McCue observes that Aida has alleged that her signature on the contract was actually a forgery. Taking this allegation as true, McCue reasons, Aida did not sign the contract and was therefore not a purchaser of the truck. The Act defines a consumer as "any person who purchases or contracts for the purchase of merchandise not for resale in the ordinary course of his trade or business but for his use or that of a member of his household." 815 ILCS 505/1(e) (West 1998). Thus, McCue concludes, accepting as true Aida's allegation that she was not a signatory to the contract, she does not fit within the definition of "consumer," and she lacks standing to bring an action under the Act. See, e.g., Norton v. City of Chicago, 267 Ill. App. 3d 507, 509-10 (1994). Admittedly, McCue's position is logical; however, it is also wholly unpersuasive.

The Act is remedial in nature. Robinson v. Toyota Motor Credit Corp., 201 Ill. 2d 403, 417 (2002). Furthermore, the legislature has mandated that it is to be liberally construed to effectuate its purposes. 815 ILCS 505/11a (West 1998). Several courts have noted that "[t]here is a clear mandate from the Illinois legislature that the courts of this State utilize the Act to the utmost degree in eradicating all forms of deceptive and unfair business practices and grant appropriate remedies to injured parties." Duhl v. Nash Realty Inc., 102 Ill. App. 3d 483, 495 (1981); Perlman v. Time, Inc., 64 Ill. App. 3d 190, 198 (1978); see also Kirkruff v. Wisegarver, 297 Ill. App. 3d 826, 838 (1998) ("In addition, courts should liberally construe and broadly apply the Act to eradicate all forms of deceptive and unfair business practices"). The Act makes unlawful both unfair and deceptive business practices. Robinson, 201 Ill. 2d at 417.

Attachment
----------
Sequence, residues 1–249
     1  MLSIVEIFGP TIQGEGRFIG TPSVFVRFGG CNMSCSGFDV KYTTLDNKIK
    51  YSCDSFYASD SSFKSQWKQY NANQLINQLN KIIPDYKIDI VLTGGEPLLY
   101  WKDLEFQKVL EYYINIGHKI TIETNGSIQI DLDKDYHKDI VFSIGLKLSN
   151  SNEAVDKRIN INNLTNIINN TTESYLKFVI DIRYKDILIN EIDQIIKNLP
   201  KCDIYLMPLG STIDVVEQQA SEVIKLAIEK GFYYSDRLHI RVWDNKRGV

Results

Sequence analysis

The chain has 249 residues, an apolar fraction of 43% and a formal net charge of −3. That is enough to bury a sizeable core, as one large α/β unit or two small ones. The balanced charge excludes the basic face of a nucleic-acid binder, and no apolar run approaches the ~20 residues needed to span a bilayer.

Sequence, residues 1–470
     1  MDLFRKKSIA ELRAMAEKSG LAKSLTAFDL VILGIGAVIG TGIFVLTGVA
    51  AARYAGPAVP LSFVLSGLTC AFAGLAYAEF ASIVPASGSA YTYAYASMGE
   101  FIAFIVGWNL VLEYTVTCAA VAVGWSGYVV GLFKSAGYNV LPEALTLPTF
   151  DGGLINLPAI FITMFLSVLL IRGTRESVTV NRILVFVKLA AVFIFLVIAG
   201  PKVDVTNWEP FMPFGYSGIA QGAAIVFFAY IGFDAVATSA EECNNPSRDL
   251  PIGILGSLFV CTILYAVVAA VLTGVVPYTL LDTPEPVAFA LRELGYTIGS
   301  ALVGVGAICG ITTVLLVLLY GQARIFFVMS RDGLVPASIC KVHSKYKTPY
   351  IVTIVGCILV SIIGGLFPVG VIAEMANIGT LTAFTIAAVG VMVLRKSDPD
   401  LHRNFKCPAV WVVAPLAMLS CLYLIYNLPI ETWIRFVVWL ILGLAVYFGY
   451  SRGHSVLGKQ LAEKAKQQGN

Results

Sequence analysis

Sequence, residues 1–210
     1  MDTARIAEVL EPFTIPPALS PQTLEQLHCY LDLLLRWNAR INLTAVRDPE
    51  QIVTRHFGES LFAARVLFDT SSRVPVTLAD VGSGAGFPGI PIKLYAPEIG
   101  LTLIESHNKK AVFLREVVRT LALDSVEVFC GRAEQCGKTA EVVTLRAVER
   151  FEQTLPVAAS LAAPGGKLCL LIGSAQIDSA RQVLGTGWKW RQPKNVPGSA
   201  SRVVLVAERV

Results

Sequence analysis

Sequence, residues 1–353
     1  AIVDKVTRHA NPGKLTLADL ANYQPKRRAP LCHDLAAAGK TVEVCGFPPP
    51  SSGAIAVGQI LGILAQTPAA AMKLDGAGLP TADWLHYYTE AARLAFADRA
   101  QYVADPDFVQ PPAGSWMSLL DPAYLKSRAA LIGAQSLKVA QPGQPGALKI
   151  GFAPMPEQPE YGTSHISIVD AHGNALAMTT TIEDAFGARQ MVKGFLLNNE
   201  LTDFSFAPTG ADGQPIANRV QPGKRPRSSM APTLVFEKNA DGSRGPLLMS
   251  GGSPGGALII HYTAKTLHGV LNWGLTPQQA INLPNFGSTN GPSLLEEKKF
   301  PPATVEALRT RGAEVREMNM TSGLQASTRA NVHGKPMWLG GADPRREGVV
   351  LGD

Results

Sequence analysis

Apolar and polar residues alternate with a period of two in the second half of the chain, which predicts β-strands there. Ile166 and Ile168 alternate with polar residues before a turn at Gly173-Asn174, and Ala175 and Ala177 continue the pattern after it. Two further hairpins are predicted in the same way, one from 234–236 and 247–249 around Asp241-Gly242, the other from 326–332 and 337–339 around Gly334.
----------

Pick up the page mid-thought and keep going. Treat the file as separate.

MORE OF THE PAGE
McCue relies on a line of cases denying standing to plaintiffs where it was determined that they were not consumers. See, e.g., Norton, 267 Ill. App. 3d at 509-10; McCarter v. State Farm Mutual Automobile Insurance Co., 130 Ill. App. 3d 97, 101 (1985); Steinberg v. Chicago Medical School, 69 Ill. 2d 320, 328 (1977). For example, in Steinberg, our supreme court held that applicants to medical school were not consumers as defined by the Act and could therefore not maintain a cause of action. Steinberg, 69 Ill. 2d at 328. We note, however, that another line of cases exists that allows a plaintiff to maintain a cause of action under the Act despite the fact that the plaintiff is not a consumer as defined by the Act (see 815 ILCS 505/1(e) (West 1998)). E.g., Sullivan's Wholesale Drug Co. v. Faryl's Pharmacy, Inc., 214 Ill. App. 3d 1073, 1082-83 (1991); Downers Grove Volkswagen, Inc. v. Wigglesworth Imports, Inc., 190 Ill. App. 3d 524, 534 (1989).